Modern medicine has a rich arsenal of powerful medications to treat depression. But for people with mild or even moderate depression, few drugs can be as effective as an age-old remedy – getting a puppy. Here are five reasons why.
- Unconditional Love. Your relationships with your family and friends may be complicated. You significant other may hurt your feelings or get on your nerves. Your kids may grow distant. But your dog is always here for you. He or she will always love you just for yourself, no matter what
- Physical Touch. It is known that petting a dog has a naturally calming effect. Studies have proven that stroking your pet can also improve your mood, relieve stress, and even lower blood pressure
- Exercise and Routine. For depressed people, getting out of bed in the morning could be a struggle. But your dog will have none of it. His or her natural routine – waking you in the morning, asking for food, bringing you along for a walk – will help you stay on track
- Social Interaction. Depressed people often find themselves in social isolation. But pets are natural icebreakers. Conversations are starting easily in the neighborhood doggie park. There is nothing more exciting for dog owners than sharing silly stories about their furry friends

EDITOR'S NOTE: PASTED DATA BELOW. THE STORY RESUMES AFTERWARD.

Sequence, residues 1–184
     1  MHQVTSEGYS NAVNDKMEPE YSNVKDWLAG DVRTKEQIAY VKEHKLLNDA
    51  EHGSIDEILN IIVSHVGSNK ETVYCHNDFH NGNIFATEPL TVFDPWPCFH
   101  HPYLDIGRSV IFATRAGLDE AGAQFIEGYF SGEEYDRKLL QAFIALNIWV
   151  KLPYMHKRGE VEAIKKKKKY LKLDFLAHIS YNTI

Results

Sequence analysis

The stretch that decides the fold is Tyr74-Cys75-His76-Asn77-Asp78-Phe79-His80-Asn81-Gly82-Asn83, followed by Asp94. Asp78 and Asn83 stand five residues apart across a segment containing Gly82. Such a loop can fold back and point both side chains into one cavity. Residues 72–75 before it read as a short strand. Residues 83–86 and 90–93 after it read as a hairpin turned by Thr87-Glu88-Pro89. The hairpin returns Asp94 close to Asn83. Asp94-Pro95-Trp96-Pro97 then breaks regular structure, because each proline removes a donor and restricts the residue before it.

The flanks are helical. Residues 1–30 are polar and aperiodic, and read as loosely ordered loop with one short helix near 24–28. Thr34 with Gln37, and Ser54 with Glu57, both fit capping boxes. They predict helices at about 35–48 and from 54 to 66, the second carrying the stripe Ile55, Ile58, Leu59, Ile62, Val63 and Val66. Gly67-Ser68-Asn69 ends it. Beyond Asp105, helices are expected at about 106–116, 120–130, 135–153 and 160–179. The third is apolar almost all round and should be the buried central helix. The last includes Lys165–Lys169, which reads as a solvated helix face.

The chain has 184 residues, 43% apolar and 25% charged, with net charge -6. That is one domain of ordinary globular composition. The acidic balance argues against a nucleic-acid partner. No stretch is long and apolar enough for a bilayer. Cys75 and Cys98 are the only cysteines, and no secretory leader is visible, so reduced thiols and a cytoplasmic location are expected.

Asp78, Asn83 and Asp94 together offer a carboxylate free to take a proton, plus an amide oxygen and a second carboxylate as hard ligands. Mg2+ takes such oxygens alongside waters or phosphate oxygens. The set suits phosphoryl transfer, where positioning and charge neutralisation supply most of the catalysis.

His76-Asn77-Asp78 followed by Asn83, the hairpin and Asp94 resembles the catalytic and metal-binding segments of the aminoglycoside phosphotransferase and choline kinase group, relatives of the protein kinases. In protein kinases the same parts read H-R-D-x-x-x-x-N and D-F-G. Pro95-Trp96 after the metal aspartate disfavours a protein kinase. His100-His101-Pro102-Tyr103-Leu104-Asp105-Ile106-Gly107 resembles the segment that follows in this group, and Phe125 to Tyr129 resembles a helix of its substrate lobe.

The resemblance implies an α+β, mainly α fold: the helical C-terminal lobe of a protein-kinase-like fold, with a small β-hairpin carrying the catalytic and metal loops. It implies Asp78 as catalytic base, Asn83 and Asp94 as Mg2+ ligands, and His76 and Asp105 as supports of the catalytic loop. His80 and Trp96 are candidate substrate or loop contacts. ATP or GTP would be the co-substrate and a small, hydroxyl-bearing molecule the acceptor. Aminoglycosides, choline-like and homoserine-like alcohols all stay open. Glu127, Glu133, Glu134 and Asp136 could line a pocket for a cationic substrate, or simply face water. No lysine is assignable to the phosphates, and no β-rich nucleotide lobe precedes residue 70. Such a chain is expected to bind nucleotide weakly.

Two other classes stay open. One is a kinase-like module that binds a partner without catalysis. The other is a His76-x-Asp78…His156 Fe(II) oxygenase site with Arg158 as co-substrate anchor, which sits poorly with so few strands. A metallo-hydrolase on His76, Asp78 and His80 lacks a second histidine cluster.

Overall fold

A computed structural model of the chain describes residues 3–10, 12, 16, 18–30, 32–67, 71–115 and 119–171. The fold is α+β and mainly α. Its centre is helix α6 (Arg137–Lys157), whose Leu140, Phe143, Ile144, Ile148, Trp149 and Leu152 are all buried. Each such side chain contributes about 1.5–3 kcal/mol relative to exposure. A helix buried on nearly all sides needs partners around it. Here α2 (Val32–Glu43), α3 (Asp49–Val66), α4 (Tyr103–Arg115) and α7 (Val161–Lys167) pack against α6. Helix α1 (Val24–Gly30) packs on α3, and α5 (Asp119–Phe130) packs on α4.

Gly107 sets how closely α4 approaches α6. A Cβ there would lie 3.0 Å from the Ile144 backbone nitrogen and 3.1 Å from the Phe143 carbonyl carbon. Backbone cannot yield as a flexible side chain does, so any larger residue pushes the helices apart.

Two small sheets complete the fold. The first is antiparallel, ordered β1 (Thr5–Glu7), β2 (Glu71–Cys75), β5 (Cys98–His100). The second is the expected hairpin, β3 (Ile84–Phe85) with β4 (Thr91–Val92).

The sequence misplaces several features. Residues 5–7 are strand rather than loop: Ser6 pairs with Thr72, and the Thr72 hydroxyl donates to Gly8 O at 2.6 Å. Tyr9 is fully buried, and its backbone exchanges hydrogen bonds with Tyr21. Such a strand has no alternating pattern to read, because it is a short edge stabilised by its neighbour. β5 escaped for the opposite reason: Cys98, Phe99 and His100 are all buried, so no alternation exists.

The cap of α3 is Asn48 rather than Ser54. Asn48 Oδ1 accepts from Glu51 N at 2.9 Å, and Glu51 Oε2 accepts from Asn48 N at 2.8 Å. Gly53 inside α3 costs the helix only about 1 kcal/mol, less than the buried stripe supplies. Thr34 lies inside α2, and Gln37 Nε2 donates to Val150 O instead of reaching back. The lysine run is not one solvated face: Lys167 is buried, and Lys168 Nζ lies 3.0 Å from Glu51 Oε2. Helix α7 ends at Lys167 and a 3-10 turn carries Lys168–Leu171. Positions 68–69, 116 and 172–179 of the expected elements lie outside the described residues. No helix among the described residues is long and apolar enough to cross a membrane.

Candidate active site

- Smiles and Laughter. Laughter is a rare commodity for depressed people. Yet watching your companion do very silly and cute things – which they will do inevitably — will bring smiles and laughter back in your life!
As opposed to medications, puppies don’t have side effects. True, some people are allergic to fur, but there are some hypo-allergic breeds, for instance, poodles that help avoid this problem.
Needless to say, serious health conditions, including depression, require medical attention. There is no substitute for regular medical diagnosis and, if necessary, treatment. The good news is that several medications are available to treat depression and more compounds are in development pipeline. And, insofar as we know, none has a negative interaction with puppies!
To learn more about BCT and about participating in the studies we conduct, please visit us at www.bostontrials.com. Or call Greta or Julie to arrange a date with our BCT dog, Dandy The Poodle.